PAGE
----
BNP leader Nick Griffin declared bankrupt but will stand again in Euro elections (and is writing a leaflet on dealing with debt!)
- Earns a salary of £76,000 as an MEP plus generous Brussels allowances
- Owes £120,000 to solicitors hired to fight European Commission, court told
- Insists it will not stop him standing in Euro elections in May
He brushed aside the idea that his financial problems would end his political career and revealed he is writing a booklet on dealing with debts.
BNP leader Nick Griffin has been declared bankrupt but insists he will stand for election to the European Parliament again in May
As an MEP Mr Griffin enjoys a basic salary of around £76,000, plus extra basic allowances worth £46,000 with more for travel and accommodation.
A listing at the Insolvency Service showed Mr Griffin was declared bankrupt at Welshpool and Newtown County Court yesterday.
The BNP said that Mr Griffin had run up debts of £120,000 to solicitors Gilbert Davies & Partners, which represented him in the early stages of legal action against the European Commission.
He had offered to repay 42p for every pound he owed to all his creditors but this was rejected by the courts.
Mr Griffin was elected for the North West region of England in 2009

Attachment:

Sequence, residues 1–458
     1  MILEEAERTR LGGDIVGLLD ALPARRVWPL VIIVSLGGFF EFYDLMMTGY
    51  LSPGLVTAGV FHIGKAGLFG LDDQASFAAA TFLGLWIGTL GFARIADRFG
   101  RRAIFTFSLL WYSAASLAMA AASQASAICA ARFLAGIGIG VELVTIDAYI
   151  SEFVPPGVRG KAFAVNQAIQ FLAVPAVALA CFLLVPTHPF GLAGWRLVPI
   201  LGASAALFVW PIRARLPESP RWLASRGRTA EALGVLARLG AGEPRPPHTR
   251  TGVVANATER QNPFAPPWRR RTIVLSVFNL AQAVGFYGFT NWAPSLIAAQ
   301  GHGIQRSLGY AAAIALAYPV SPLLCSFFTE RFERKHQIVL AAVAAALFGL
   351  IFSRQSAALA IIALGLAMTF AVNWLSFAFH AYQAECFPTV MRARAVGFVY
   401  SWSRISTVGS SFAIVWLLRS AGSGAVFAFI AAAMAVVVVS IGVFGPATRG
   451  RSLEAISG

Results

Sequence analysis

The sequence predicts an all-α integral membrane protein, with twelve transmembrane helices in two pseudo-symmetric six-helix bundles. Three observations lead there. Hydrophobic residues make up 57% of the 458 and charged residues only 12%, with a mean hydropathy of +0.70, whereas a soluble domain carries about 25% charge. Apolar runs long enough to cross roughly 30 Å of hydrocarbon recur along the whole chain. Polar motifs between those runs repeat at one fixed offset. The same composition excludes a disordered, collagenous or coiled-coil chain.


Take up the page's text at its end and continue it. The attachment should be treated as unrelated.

Politicians declared bankrupt used to be barred from seeking election again, but the rules were changed in 2002 meaning it no longer prevents someone from being an MP or MEP, or standing for election.
In a statement Mr Griffin said: 'This order will not prevent me fighting for the interests of the British people or leading the British National Party to a fresh round of electoral victories.
'It’s of no political significance whatsoever. I will take whatever is thrown at me and deal with it.
'I champion the right of the British people to their land and I will never surrender.
'On a practical note, I am now much better able to advise and help the huge numbers of decent ordinary folk in my constituency who have financial difficulties of their own.
'I will be producing an advice booklet on dealing with debt very shortly and can speak from personal experience rather than from an ivory tower in Brussels.'
Mr Griffin will be automatically discharged from bankruptcy in one year, on January 2 2015, in accordance with the Insolvency Act. He was elected for the North West region of England in 2009.
Advice published by the Electoral Commission said bankruptcy in itself does not bar someone from being a member of the European Parliament or standing for election.
Restrictions are only triggered if an individual is made subject to a bankruptcy restrictions order or debt relief restrictions order.
The Insolvency Service said such orders had not been made in Mr Griffin's case.